Examination of the Tick Burden on Sika Deer

In Dorchester County, Maryland

M. Chad Smith1, David Kalb2, Sean Q. Dougherty2, Matthew Muma2, Dr. Jacob Bowman2, Dr. Thomas Lambert1

1, Frostburg State University Wildlife Biology Department. 2, University of Delaware Department of Entomology and Wildlife Ecology



Sika deer (Cervus nippon - yakushimae) are native to the

Japanese Islands and were introduced to Maryland’s eastern

shore in 1916. Since then, they have increased in number to

an estimated 5,000 - 10,000. Although mainly centered in

Dorchester County Maryland, sika deer have expanded

their range to include Wicomico, Somerset and Worchester

Counties (Maryland DNR 2009).

The MD Department of Natural Resources (DNR) strives to maintain this

population and increase it where possible (Eyler and Timko

2008). Understanding the overall ecological niche that Sika

deer occupy is important for implementing herd

management strategies. Ticks are parasitic to deer and

infestation can affect the overall health of deer. Ticks are

vectors for Lyme Disease and Meningoencephalitis which

can affect humans through exposure to tick bites. Currently

the DNR is conducting a study on the dispersal range of

juvenile stags using radio collars and bi-angulation. This

project is monitoring the distance year old stags move from

their capture area. Ticks were a secondary objective in each

capture. These projects are taking place on the Tudor Farms

Property, located to the Northeast of Blackwater NWR.

Tick burdens were determined on live sika deer and related

deer age and size. 2 species of tick (Ammblyomma

americanum the Lone Star; and Ixodes scapularius the Deer

Tick), were found on the deer examined in this study.

Study Area

Dorchester County MD is primarily forested (41%) with large tracts of wetlands (25%) and

agriculture (30%). Less than 5% is developed (Comprehensive Coastal Inventory Program

2003). Blackwater National Wildlife Refuge and Fishing Bay Wildlife Management area make up a

large portion of the center of Dorchester County. The study took place on private land, The

Tudor Farms, located along the Chicamacomico and Transquaking Rivers to the Northeast of

Blackwater. Future study areas may include the TarBay Hunt Club property located on the

Chesapeake Bay, two miles north of Hooper’s Island on Meekin’s Neck to the west of

Blackwater NWR. Habitat at the Tudor Farms and TarBay Hunt Club is a mix of tidal salt marsh

and hard/soft wood forests. The open marsh habitat is exposed to high amounts of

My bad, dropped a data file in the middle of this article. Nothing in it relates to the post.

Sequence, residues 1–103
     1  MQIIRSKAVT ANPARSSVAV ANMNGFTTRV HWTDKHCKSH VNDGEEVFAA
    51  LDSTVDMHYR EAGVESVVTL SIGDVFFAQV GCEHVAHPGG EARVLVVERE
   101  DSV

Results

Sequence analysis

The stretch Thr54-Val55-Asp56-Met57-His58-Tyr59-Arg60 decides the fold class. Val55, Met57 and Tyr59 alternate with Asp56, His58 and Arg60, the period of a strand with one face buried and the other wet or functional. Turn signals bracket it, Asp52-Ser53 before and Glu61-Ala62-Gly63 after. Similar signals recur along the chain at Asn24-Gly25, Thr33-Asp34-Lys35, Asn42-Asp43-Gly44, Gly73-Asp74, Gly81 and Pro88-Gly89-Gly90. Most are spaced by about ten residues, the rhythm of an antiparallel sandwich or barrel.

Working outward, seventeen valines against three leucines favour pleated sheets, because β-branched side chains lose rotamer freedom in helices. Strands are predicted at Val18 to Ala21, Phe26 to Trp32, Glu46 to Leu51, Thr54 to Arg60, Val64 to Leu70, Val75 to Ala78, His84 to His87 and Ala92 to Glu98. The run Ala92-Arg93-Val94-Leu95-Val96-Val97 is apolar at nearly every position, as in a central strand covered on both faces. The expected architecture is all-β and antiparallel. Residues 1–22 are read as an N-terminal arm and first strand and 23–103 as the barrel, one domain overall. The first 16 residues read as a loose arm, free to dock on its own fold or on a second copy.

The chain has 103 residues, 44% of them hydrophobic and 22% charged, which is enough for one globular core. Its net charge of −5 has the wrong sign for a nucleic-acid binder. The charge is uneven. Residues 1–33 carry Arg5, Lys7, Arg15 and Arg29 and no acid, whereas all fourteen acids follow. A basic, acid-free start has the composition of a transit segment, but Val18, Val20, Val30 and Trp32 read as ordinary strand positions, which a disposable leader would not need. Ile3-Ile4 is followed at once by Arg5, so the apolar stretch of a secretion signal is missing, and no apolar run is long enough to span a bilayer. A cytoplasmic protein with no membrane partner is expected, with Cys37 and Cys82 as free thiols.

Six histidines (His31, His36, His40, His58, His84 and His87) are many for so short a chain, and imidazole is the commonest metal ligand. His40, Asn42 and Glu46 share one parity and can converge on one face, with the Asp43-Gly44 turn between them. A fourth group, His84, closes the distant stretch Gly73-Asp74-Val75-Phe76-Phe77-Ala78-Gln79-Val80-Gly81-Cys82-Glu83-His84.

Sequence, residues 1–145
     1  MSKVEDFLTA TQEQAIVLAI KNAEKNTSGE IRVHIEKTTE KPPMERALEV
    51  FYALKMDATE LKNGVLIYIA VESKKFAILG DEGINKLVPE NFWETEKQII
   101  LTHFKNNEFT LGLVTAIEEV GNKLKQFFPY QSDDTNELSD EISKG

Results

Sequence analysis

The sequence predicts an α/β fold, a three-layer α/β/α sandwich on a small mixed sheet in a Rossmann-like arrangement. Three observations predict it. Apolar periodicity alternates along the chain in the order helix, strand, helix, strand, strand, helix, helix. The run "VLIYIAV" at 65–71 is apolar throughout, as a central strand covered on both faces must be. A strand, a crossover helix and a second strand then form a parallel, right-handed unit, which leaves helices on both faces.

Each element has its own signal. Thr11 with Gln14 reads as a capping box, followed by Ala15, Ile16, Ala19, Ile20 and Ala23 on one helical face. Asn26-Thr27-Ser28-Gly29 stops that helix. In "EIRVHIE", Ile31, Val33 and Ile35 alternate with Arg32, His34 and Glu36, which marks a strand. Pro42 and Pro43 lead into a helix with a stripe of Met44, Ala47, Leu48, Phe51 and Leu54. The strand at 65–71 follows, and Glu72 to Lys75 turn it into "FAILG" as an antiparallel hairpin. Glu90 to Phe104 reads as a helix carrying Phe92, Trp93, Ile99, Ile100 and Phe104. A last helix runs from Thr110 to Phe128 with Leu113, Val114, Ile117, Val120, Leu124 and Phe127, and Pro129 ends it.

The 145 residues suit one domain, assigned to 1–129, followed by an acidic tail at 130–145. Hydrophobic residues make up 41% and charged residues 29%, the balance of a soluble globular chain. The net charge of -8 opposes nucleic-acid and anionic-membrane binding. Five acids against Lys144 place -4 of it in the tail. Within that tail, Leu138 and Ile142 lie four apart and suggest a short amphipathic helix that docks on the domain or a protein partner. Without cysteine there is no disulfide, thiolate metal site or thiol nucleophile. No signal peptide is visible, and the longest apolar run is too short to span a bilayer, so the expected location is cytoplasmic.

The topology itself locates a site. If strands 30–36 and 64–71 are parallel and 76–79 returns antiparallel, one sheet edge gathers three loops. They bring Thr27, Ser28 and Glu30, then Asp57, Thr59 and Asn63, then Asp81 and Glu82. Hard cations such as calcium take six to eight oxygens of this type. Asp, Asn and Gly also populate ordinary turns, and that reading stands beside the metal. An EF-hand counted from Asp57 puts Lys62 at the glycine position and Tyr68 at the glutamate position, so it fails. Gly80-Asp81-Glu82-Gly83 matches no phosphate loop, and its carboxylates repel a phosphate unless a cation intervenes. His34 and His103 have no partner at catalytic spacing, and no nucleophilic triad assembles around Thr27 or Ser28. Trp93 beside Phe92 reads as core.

sunlight in the middle of the marshes where there is no forest canopy or tree-line



Deer were captured during February and March 2009.

Drop nets and Clover (Box) traps baited with corn were used.

Net capture activities were focused at night while box traps were checked twice daily.

All deer captured were ear tagged & the animal’s age, sex and weight were determined.

The anterior region of each deer was examined for ticks. All observed ticks were collected for later

species level identification.

Results and Discussion

During February and March 2009, Ten Sika Deer

were captured (2 Juvenile Stags, 1 Adult Stag; 3

Juvenile Hinds, 4 Adult Hinds) and examined for


The difference in tick burden may relate

to differential use of habitat as deer age. Ticks

were found on 4 of these 10 deer.

Deer with ticks were significantly older

(Mean=22.5 months S.D.= 6.5) than deer without

ticks (Mean= 14 months, S.D.=2.82) (Tobs=

3.374, d.f.=8, p=0.034). Additionally, deer with

ticks were significantly larger (Mean=54.75 kg,

S.D.=21.98) than deer without ticks (Mean=25.83

kg, S.D.=7.17) (Tobs=3.537, d.f.=8, p=0.034).

The older deer have spend greater amounts of

time in fields and forest edge-lines, increasing

tick predation. These edge areas are dryer and

more conducive to tick populations. As animals

mature more time is spent in this habitat rather

than the wet habitat of the marsh, resulting in

high tick burdens on older deer.


• University of Delaware Department of Entomology and Wildlife Ecology

• The Maryland Department of Natural Resources Wildlife Heritage Division;

Mr. Brian Eyler

• Frostburg State University Biology Department;

Dr. Wayne Yoder, Dr. Tom Lambert.

• Mr. Paul Tudor Jones, The Tudor Farms, Tudor Staff of Dorchester County, MD.

• Mr. Phil Green and Mr. Bob Smith of TarBay Hunt Club Inc., Dorchester County, MD


• Assist the Main DNR Deer Project

• Determine the tick species present on Sika deer.

• Relate tick burden to deer age and size.

Sika Deer

Lone Star Tick

Amblyomma americanum

Last Updated- April 2019

Lucy Barnes